SURPRISINGLY enough for a club who have so often challenged at the business end of the Kildare Senior Football Championship over the last two decades, Sarsfields’ recent record outside of the county isn’t exactly stellar. Since beating Louth champions Mattock Rangers in the 2005 semi-final, Sarsfields have won just one Leinster Championship game, in 2012, and have lost four of their last five games in the competition. The club have only scored more than one goal in a game in the competition on two occasions and haven’t done that since 1993. However, it’s not all bad and the club had some great wins in the competition as well. One of those came in 1994 against the side they will play on Sunday, Éire Óg of Carlow, when they were looking for third Leinster title in a row. Sarsfields reached the Leinster final in 1999 and 2005, with the defeat against Kilmacud Crokes in 2005 particularly hard to take. There was also the famous trilogy of games against Na Fianna in the 2001 semi-final following the controversy of the Dublin side using too many substitutes in the second of those games.
Sarsfields’ record in the competition stands at P24 W10 D3 L11 and we’ve delved into the archives to go have a look at each of those games.
The Sarsfields team that won the three-in-a-row in the early 1950s is often fondly remembered but what is sometimes forgotten is that it was also the club’s last senior title for a remarkable 30 years. The 60s and 70s were a barren wasteland for Sarsfields but things picked up in the 1980s.
After beating a youthful St Laurences side in the Kildare final, Sarsfields made the trip to take on Wicklow champions Baltinglass. Joe Murphy scored both goals in a 2-12 to 1-6 win as a Sarsfields team containing the likes of Kevin ‘Spike’ Nolan, John Crofton, Steve Kinneavy, Des Bergin, John Courtney, Tom Shaw, Ray O’Sullivan and Shay Fahy won the club’s first ever Leinster game.
That set up a semi-final against Portlaoise in Dr. Cullen Park and although a second half Shay Fahy penalty helped Sarsfields pull level in the second half, Portlaoise pulled away in the second half and eventually won 1-11 to 1-6. Portlaoise went on to beat Ballymun Kickhams in the final.
After seeing off the Jack O’Shea inspired Leixlip in the Kildare final, Sarsfields faced Dublin champion Scoil Uí Chonaill in O’Toole Park in the Leinster quarter-final. With Dermot Earley snr controlling midfield, Sarsfields used a strong wind to move into 0-9 to 0-4 lead by half-time. Crucially, they kicked the first points against the wind in the second half through Earley and John Courtney and eventually won 0-12 to 1-8.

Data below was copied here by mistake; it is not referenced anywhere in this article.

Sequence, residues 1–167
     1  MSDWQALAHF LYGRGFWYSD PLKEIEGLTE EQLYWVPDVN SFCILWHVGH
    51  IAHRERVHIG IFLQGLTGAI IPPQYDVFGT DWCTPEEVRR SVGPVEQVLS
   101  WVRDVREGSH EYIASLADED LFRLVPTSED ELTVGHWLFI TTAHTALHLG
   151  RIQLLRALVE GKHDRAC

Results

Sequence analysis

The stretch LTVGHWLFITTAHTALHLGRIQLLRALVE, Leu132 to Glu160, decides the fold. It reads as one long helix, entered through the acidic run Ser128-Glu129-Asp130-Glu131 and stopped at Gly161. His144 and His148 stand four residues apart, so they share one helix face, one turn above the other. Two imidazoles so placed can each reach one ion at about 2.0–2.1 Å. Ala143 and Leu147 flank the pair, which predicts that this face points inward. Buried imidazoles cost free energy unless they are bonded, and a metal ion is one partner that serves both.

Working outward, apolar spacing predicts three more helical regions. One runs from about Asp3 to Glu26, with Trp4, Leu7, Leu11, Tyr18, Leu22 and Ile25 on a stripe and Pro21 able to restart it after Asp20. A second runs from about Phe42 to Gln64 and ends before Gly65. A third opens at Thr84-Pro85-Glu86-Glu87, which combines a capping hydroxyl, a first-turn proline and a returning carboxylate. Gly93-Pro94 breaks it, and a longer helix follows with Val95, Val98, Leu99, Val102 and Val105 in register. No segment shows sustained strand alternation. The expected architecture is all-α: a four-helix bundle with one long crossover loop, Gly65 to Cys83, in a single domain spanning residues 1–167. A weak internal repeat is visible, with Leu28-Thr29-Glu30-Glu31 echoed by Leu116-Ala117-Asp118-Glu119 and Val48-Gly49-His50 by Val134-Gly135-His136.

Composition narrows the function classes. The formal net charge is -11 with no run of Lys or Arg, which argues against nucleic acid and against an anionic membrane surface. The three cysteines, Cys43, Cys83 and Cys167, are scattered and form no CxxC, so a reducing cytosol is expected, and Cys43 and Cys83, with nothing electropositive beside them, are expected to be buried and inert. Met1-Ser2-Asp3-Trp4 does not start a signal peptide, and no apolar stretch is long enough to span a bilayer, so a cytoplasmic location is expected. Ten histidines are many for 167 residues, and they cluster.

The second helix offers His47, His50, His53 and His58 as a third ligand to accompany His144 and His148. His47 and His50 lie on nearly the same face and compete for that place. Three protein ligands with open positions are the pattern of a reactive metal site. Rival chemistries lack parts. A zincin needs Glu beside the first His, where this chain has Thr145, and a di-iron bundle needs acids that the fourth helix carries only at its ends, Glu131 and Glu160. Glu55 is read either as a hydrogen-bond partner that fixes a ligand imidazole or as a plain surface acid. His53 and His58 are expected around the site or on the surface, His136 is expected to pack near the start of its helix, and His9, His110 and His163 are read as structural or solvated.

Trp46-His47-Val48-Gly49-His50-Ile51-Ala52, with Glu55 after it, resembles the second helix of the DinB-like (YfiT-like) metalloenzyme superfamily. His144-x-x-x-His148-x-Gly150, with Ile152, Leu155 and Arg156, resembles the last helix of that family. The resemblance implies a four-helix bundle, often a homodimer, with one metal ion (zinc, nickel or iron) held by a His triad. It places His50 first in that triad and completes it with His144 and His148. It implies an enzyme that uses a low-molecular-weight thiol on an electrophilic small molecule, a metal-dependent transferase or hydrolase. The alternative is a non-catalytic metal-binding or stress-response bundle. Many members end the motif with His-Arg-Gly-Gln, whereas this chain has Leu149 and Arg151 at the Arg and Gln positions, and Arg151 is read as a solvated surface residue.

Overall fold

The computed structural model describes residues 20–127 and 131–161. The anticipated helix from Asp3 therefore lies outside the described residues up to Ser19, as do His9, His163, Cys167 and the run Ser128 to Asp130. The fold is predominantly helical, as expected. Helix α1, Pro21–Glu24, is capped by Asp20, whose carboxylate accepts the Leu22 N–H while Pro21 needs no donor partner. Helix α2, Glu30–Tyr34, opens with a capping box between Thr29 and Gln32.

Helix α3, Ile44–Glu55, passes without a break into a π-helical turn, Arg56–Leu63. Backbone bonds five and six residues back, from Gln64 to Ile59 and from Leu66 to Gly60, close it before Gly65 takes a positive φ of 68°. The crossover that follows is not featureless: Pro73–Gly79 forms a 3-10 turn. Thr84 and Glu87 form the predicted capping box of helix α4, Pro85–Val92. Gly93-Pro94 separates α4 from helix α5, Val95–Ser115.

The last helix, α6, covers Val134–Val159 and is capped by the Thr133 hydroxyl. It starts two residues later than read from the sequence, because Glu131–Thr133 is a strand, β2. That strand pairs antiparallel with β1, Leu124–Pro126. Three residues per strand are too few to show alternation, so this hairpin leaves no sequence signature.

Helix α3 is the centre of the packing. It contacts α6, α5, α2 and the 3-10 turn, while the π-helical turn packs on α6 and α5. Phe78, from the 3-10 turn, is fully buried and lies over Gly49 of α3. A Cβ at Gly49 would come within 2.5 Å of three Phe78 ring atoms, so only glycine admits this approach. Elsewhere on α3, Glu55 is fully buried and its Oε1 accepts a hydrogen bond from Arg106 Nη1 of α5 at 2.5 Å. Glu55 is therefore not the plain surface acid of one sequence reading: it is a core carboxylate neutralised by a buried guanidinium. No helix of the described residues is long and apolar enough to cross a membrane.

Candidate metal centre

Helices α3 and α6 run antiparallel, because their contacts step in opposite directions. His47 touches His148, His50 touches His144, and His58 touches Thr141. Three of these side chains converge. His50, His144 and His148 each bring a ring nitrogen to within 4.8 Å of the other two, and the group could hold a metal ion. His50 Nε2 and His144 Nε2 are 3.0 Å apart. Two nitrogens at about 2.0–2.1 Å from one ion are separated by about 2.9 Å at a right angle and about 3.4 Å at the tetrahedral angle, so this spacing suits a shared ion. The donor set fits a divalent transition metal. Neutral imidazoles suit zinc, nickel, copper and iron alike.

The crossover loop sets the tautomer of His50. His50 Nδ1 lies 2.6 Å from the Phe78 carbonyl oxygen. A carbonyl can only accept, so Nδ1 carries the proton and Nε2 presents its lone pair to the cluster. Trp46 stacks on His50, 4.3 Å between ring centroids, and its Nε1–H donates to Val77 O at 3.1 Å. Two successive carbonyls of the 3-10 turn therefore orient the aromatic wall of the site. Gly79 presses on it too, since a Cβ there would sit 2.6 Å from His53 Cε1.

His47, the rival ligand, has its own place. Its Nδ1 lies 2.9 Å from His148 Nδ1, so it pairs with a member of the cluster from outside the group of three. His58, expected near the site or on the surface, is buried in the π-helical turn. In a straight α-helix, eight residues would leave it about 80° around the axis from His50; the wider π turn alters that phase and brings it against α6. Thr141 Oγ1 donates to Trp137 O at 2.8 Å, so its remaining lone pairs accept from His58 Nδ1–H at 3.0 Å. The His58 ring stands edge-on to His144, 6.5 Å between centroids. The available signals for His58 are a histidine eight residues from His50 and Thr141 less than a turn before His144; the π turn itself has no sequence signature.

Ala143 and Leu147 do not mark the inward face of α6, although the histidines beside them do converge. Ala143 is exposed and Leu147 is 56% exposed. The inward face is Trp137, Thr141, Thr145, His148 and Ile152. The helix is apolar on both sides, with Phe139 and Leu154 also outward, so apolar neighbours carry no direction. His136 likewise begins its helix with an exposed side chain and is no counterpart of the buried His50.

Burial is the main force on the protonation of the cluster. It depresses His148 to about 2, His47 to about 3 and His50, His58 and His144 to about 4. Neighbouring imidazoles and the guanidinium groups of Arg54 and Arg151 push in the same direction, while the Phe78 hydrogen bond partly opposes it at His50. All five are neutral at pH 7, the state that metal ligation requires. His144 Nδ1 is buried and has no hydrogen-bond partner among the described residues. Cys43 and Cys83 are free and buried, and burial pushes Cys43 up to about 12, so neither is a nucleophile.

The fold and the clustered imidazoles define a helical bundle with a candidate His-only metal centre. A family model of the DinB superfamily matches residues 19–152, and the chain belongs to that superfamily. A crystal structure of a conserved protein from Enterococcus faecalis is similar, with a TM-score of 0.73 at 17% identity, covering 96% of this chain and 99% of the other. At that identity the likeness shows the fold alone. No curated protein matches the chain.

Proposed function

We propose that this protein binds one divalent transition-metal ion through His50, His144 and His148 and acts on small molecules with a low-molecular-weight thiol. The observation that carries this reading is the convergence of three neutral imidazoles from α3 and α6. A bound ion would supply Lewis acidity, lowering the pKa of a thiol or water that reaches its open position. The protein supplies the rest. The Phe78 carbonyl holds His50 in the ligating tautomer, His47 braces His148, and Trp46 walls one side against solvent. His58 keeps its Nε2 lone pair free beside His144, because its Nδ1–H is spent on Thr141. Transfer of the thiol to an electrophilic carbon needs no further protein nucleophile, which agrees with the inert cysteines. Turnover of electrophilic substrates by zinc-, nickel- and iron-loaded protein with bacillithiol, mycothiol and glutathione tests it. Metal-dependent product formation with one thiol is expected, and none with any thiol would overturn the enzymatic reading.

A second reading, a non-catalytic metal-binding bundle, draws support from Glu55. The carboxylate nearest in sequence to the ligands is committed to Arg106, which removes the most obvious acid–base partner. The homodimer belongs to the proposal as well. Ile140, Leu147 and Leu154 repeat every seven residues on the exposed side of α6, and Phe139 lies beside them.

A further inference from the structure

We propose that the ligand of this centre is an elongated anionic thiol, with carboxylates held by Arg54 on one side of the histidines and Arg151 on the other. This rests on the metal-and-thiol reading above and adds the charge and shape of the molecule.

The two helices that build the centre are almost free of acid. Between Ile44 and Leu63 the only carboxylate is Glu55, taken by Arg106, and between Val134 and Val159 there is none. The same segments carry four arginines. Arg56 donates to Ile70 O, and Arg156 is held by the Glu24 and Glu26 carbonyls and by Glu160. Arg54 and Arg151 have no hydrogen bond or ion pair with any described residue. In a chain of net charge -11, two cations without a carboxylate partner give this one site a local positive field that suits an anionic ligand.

It was a low scoring affair against Portlaoise in the semi-final but it was the Laois champions who prevailed to reach their third successive Leinster final. Noel McHugh, part of the current Sarsfields team back room, was in goal but there were only three first half points in Dr Cullen Park, Sarsfields lead 0-2 to 0-1. McHugh was beaten early in the second by Tom Prendergast and that goal seperated the sides going into the final quarter and although Earley and John Crofton kicked the last two points of the game, Sarsfields couldn’t find an equaliser and Portlaoise held for a 1-3 to 0-5 win before losing to Ferbane in the final.
The 90’s saw Clane, Sarsfields and Round Towers battle it out to be the top dogs in Kildare and 1993 was a particularly hotly contested year with Sarsfields eventually beating three-in-a-row chasing Clane after extra time in a replay.
That set up a Leinster quarter-final against Wicklow champions Baltinglass. The Kevin O’Brien led side were just coming to the end of their golden era and they had just won their seventh of what be eight Wicklow championships in a row, as well as winning an All-Ireland title in 1989 and losing a Leinster Final in 1990. Sarsfields finished the first game with 13 men following the first half sending off of Bill Sex and John Crofton later in the game but a last gasp free from Niall Buckley earned a 1-8 apiece draw, Niall Timmons with a first half goal for Sarsfields.
Kevin O’Brien scored Baltinglass’ goal in the drawn game and he went on to score two more inside the opening 11 minutes in the replay at St Conleths Park. Brian Nolan scored a pair of goals himself as the game wore on but Baltinglass recorded a 2-9 to 2-5 win before losing to Erins Isle in the semi-final.
The first time that Sarsfields retained the Kildare in over 40 years earned them a shot against Sunday’s opponents, Éire Óg, who at the time had won the previous two Leinster titles and would go on to win in ‘95,’96 and ‘98. However, in 1994 they came up against a very good Sarsfields side.
Just as in Sarsfields’ first Leinster game in the previous year, Niall Buckley stepped up to kick a late equalising score in their first provincial game, Kevin Horgan scoring 1-1 in St Conleths Park in a 1-10 apiece draw. Buckley was to the forefront again in the replay and he scored seven frees as Sarsfields dethroned the Leinster champions by 0-12 to 0-9 in a game played in pouring rain.
However, despite that seismic victory, Sarsfields bowed out in the next game, losing 0-13 to 0-8 against Graham Geraghty’s Seneschalstown in St Conleths Park. The Meath side went on to reach the final but lost by a point to Kilmacud Crokes.
Sarsfields rounded off the 90s by convincingly beating Allenwood in the Kildare final but they made a stuttering start to their Leinster campaign. Although their opponents, O’Hanrahans, had beaten Leinster champions Éire Óg in the Carlow final, Sarsfields were still expected to cruise through the first round in Newbridge but in the end only had a point to spare, 1-11 to 0-13. Things could have been worse, Niall Buckley was sent off in the second half and the Carlow side wasted a number of chances to go ahead as they chased the game in the final quarter but Sarsfields just about held on.
After that scare, Sarsfields were much improved in the quarter final. Brian Moylan scored the goal and Buckley and Padraig Brennan scored a combined total of nine points as Sarsfields brushed aside St Peters, Dunboyne by 1-16 to 0-6 in St Conleths Park.
Buckley was playing some of the best football of his career around his time and he was in imperious form in the semi-final against the Wexford champions Killanerin. He scored four points in St Conleths as Sarsfields comfortably eased past a team containing a very young Mattie Forde by 0-11 to 0-5 to reach their first ever Leinster final.